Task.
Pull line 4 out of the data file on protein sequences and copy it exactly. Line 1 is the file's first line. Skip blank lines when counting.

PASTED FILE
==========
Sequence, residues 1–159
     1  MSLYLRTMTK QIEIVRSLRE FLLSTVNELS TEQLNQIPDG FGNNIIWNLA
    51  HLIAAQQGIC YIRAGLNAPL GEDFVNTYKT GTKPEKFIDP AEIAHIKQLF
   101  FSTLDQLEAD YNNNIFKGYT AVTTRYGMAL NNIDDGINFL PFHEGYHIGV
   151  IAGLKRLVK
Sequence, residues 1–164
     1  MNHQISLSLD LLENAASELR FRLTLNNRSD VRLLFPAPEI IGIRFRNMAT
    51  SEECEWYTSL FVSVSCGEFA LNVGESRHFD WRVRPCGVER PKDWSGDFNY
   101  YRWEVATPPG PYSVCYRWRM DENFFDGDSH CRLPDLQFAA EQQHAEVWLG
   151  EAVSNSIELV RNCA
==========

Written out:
   101  FSTLDQLEAD YNNNIFKGYT AVTTRYGMAL NNIDDGINFL PFHEGYHIGV